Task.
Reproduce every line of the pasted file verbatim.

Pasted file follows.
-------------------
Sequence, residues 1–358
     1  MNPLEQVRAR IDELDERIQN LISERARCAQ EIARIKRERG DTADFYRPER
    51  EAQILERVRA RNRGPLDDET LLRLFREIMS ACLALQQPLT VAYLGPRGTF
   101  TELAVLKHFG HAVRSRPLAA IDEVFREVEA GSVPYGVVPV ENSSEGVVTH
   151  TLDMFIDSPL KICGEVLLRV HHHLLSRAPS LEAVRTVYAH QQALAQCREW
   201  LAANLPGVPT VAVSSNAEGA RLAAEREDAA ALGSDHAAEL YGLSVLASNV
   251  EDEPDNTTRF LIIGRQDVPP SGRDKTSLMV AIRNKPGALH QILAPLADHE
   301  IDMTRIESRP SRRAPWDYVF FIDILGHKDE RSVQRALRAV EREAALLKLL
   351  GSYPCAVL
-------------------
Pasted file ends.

Sequence, residues 1–358
     1  MNPLEQVRAR IDELDERIQN LISERARCAQ EIARIKRERG DTADFYRPER
    51  EAQILERVRA RNRGPLDDET LLRLFREIMS ACLALQQPLT VAYLGPRGTF
   101  TELAVLKHFG HAVRSRPLAA IDEVFREVEA GSVPYGVVPV ENSSEGVVTH
   151  TLDMFIDSPL KICGEVLLRV HHHLLSRAPS LEAVRTVYAH QQALAQCREW
   201  LAANLPGVPT VAVSSNAEGA RLAAEREDAA ALGSDHAAEL YGLSVLASNV
   251  EDEPDNTTRF LIIGRQDVPP SGRDKTSLMV AIRNKPGALH QILAPLADHE
   301  IDMTRIESRP SRRAPWDYVF FIDILGHKDE RSVQRALRAV EREAALLKLL
   351  GSYPCAVL